The Lion's Pause hosted a truly special event on April 4: the inspiring Fly a Little Higher Benefit Concert. The concert was a moving testament to the message of light and love that 18-year-old Minnesota musician Zach Sobiech inspired in so many before passing away from osteosarcoma in May 2013. Featuring speakers, performances and even a whimsical bubble machine, the event was a successful fundraiser and a celebration of a remarkable life.



The idea of a benefit concert was first introduced by first-year Sammy Brown '17, Sobiech's best friend and bandmate, with the help of St. Olaf's Cancer Connection SCC club.



"I came to St. Olaf, and during the co-curricular fair I saw that St. Olaf had a cancer connection club," Brown said. "Some not-so-great things had happened in the last three months, and it was weird not having friends and family, so I thought, 'This could be somewhere where I can feel comfortable with those feelings.'"



SCC strives to provide a supportive environment for those touched by cancer as well as fundraise for various organizations, so the club proved a perfect outlet for Brown's idea to have a benefit concert for her friend.



"I envisioned it, and they executed it," she said. "I told them what we'd done in the past, and they did all the hard logistical stuff."



The event ended up being very successful, raising over $1,000 and attracting 250 people. Sobiech's parents Rob and Laura attended and spoke.



"We were so blessed by the amazing turnout at the fundraising event," Laura said. "It was a beautiful Friday evening after a long, hard winter, but the room was full of college students willing to listen to what we had to say. I love seeing young people sacrifice for something bigger than themselves - it gives me so much hope for the future."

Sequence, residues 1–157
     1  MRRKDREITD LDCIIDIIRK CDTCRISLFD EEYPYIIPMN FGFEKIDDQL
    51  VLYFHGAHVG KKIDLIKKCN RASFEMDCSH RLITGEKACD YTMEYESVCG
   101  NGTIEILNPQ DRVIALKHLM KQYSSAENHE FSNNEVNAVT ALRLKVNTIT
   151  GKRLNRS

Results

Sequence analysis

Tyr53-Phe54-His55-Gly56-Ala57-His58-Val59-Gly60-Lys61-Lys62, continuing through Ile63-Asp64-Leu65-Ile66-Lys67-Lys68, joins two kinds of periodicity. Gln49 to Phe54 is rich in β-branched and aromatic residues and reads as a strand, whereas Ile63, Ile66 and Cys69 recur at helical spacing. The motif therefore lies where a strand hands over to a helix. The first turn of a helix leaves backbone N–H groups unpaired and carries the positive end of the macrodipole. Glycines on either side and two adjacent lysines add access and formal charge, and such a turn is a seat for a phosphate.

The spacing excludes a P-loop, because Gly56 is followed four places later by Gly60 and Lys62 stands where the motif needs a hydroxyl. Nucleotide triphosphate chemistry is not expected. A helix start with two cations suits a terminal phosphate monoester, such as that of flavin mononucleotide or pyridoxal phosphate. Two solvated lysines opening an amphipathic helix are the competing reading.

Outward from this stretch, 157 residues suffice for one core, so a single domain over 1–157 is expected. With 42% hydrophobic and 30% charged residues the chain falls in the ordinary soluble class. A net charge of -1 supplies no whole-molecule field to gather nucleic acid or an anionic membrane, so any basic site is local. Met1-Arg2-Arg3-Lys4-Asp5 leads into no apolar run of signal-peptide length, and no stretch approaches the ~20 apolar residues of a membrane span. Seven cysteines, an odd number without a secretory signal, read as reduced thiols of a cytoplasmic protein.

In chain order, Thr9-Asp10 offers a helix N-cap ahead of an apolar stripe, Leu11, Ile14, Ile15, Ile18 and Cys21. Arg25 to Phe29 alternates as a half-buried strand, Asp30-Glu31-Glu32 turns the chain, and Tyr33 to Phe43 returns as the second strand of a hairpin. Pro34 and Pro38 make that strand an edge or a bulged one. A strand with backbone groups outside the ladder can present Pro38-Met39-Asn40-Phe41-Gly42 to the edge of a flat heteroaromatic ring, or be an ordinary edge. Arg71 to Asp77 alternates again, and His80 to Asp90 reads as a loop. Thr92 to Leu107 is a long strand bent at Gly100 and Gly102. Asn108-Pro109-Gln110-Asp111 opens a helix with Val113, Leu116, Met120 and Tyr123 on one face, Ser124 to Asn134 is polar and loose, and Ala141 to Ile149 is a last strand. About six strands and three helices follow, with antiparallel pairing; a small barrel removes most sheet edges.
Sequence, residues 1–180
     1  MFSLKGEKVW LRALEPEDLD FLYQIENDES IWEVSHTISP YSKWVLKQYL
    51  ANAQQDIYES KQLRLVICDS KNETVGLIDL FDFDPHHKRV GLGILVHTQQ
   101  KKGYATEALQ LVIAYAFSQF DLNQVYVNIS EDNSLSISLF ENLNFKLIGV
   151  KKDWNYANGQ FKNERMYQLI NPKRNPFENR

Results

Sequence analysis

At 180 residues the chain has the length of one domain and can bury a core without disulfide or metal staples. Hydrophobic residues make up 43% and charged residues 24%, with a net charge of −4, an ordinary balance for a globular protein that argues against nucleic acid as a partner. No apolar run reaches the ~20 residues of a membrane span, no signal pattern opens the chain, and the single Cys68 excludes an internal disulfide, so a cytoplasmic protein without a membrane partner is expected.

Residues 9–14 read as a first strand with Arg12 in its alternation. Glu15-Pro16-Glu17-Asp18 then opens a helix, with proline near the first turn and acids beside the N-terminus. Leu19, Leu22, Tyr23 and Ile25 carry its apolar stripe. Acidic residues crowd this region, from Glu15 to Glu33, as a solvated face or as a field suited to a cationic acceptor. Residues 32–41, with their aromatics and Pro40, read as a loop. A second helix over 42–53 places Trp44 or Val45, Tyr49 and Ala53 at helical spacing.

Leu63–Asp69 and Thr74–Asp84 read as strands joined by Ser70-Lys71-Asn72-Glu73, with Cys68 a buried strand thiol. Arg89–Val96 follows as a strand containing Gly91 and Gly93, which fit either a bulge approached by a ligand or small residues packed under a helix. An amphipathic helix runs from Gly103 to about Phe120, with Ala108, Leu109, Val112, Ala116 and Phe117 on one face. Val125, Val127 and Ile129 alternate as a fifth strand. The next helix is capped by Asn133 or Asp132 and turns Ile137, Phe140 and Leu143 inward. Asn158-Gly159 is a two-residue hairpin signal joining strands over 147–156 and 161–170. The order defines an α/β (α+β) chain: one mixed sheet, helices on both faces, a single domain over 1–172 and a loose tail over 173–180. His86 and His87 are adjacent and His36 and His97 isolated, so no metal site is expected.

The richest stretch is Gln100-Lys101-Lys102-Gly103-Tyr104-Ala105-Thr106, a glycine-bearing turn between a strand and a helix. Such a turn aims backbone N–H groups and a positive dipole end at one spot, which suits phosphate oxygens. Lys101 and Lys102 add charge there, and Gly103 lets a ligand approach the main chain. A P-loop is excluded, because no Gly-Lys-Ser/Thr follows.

Also in attendance was Justin Baldoni, director of the award-winning documentary "My Last Days." The documentary, available for viewing on YouTube, has garnered 12 million views. SoulPancake and Wayfarer Entertainment, the documentary's production companies, were in town to film a one-year-later follow-up documentary to "My Last Days," which will feature the benefit concert. Love Your Melon, a charity Sobiech worked with that makes hats for cancer patients, was also present to sell merchandise.



The first hour of the concert was a Wellness Center swiped event and started with a screening of "My Last Days." Brown closed out that portion with her new single "How to Go to Confession," accompanied by fellow first year Claire Belisle '17 on the violin, and then a rendition of Sobiech's song "Clouds." The audience joined in on the emotional song as bubbles floated out of a machine and tears welled.



"That was one of the best moments of the night," said SCC co-president Kelsey Mullen '14.



After a short break, the campus bands Appomattox and Sikk Dood performed and the night wound to a close.



"We were very pleased about the event.," Mullen said. "We were very excited to be working with other groups that are very passionate about their work. I think for everyone, the takeaway message was positive."



The name of the concert, Fly a Little Higher, was inspired by a lyric from "Clouds" and is also the name of Laura Sobiech's memoir, which will be available on May 6. Brown recommends the book to those interested in gaining more insight into Sobiech's life.



"A lot of people commented on the videos, 'Wow, I loved that, I wish I actually knew you,'" Brown said. "The book has tons of detail; it's very personal. It's going to have pictures, too."



Oles interested in supporting the Zach Sobiech Osteosarcoma Fund can visit the website at childrenscancer.org/zach.



"You can donate and buy both of our CDs and my single and other stuff: necklaces, t-shirts, prints," Brown said.



A significant portion of the proceeds from iTunes music and Laura Sobiech's upcoming book will also go toward the fund.



Brown expressed her profound gratitude to the students of St. Olaf for making this concert a success.



"I personally was very touched by everyone who showed up," Brown said. "I'm so proud that St. Olaf raised almost a thousand dollars. It's not an easy thing for a college student to spend money if it's not for a Cage cookie. So way to go, St. Olaf, for seeing the things that matter and making a difference. This is such a crazy, weird experience having these two worlds collide - it's weird seeing my best friend through the eyes of my roommate or my friend from class - but I am thankful for it, and it's cool seeing [Zach] having a continuing influence."



That influence was strong at the benefit concert.



"Changing the world is done with the small things in life - the little choices we make each day. I want the students at St. Olaf to know that I am truly blessed by their kind words and dedication to making this world better," Laura said.



The celebration was proof indeed that with optimism and love, all of us can "fly a little higher."



 



 carcater@stolaf.edu